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August’s riot is underway: black-eyed susans with clusters of golden-blackness erupting from formal gardens, country roadsides, and cracks in pavements. Hearty, boisterous, the wildflowers appear like gossips, their petelled heads leaning toward one another, with occasional breezes disturbing the configurations. At intervals, snappish rainstorms pelt the flowers, affixed to thick hairy stems. With the sun’s reappearance, the resulting mishmash slowly diminishes, and the gossips resume their chatter, with even more verve.

With the advent of autumn, black-eyed susans lose their petals, their cone centers hardening with seeds, with promise of spring’s proliferation. Even their colors lend their gold to maples, aspens, and tulip trees; to waning sunlight outlining blackened limbs.

And another year passes. This has been a good one.

Each spring, an ancient fresco stirs my imagination and relocates me to another world in which greening is paramount.

Only 38 x 22 cm in size, the fresco depicts the Roman Goddess Flora, barefoot, her back to us as she plucks a white flower from a nearby tree to add to the basket in her other arm. Her full figure suggests pregnancy, fathered by the Spring Wind, Zephyrus. Their story is recorded in Metamorphoses (8 BCE) composed by the Roman poet Ovid.

An unknown artisan fashioned this fresco of Flora upon the one of the bedroom walls of the Villa Arianna in Stabiae, a wealthy seaside resort known for its architecture, frescoes, and statuary. Unfortunately, the eruption of Mount Vesuvius in southern Italy, 79 CE., buried the resort and neighboring towns under five meters of tephra ash where Flora remained until 1749; then, archeologists under the initiative of Charles III of Spain discovered Flora and numerous other artifacts that were later restored to the National Archeological Museum of Naples.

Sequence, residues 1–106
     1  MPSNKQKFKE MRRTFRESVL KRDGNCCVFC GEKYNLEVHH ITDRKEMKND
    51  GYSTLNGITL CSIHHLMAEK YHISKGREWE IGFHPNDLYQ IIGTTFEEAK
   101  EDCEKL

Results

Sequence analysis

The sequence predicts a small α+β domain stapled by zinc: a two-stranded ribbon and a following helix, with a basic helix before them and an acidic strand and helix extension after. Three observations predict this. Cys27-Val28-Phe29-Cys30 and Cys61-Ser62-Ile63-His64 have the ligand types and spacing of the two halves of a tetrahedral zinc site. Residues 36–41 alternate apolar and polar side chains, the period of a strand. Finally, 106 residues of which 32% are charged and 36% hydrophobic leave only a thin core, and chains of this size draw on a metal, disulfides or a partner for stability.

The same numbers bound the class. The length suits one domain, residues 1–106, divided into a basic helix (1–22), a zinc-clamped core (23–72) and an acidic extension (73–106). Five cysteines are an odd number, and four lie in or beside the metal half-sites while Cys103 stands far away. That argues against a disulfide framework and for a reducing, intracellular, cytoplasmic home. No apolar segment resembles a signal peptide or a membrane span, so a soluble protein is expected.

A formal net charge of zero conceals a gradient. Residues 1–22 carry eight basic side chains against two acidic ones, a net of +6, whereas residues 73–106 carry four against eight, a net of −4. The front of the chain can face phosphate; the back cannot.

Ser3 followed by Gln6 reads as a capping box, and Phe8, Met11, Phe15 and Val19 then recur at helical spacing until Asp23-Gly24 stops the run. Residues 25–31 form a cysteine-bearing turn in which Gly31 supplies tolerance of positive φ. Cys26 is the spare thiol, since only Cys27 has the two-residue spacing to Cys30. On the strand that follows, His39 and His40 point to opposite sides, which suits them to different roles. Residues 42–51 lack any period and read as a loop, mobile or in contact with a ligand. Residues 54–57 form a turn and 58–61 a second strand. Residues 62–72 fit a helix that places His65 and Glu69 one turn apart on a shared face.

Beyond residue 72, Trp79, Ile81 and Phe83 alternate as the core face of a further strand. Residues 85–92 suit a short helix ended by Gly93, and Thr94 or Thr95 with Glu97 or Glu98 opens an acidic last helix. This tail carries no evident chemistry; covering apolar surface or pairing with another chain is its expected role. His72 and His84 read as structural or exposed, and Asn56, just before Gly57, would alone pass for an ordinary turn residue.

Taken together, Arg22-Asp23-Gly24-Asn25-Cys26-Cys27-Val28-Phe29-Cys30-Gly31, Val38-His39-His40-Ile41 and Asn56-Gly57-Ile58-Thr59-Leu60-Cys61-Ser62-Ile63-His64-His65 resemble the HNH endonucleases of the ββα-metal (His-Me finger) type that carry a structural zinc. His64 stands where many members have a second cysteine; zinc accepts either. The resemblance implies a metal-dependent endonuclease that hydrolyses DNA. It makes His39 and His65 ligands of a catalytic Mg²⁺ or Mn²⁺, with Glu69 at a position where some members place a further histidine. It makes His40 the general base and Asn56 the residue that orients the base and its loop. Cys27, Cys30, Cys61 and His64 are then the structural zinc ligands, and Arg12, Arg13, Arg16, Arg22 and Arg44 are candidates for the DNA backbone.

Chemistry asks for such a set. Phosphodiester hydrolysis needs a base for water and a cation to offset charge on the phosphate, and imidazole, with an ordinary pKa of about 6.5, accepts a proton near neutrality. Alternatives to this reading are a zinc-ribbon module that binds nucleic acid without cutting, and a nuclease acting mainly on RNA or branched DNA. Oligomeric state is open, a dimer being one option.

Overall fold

Yet, there’s something about Flora’s graciousness, stopped in time for our continued reflection. Perhaps that unknown artist caught her splendor-in-living for which she was revered, first by the Greeks under the name of Chloris, then, Romanized by Flora. Her devotees glimpsed in her the continuation of flowering, both plants and themselves, critical for survival.

Within such freshness and delicacy as Flora images, I glimpse Eternal Spring for which we all yearn—Thus her appeal through the centuries.

A synchronicity of burgeoning occurs for those willing to look: Spring’s coloration and the pandemic’s menace. Both entail energy—one vibrates within jewel-tones of Beauty and the other shivers within denizens of Death. One exalts spirit; the other implodes terror.

Yet, even seeds of dismemberment blemish Spring’s unfolding as subsequent seasons evolve upon the demise of previous ones and address our mortality. Winter’s grieving can be intense, but it does not end there. Spring’s greening arrives with gusto. Such is experienced in Antonio Vivaldi’s Four Seasons (1717), a group of four violin concertos that quicken imaginations, that enfold spirits within Beauty’s kiss, that enrich sensibilities, that loosen rigidity, and catapult into deeper Life.

True, the pandemic and Winter snuff out life as we know it, but death in its myriad forms has always lurked behind our blind spots, just waiting. I used to say, “Since our mother lived to be ninety-nine years old, I don’t have to hurry to finish my book. It’ll get done.” But it didn’t work out that way.

Perhaps such burgeoning of energy begs a revision of our concept of God. In the prophet Isaiah we find an astounding revelation: I form the light and create darkness, I bring prosperity and create disaster; I, the LORD, do all these things. 45:7

Certainly not that God wants our misery, given the miracle of birth and subsequent development. Joy does abound within the fabric of our humanness.

Contemplating such truth orients us to the deepest of mysteries where we experience ultimate Life and rejoice, far beyond our imagining.

 

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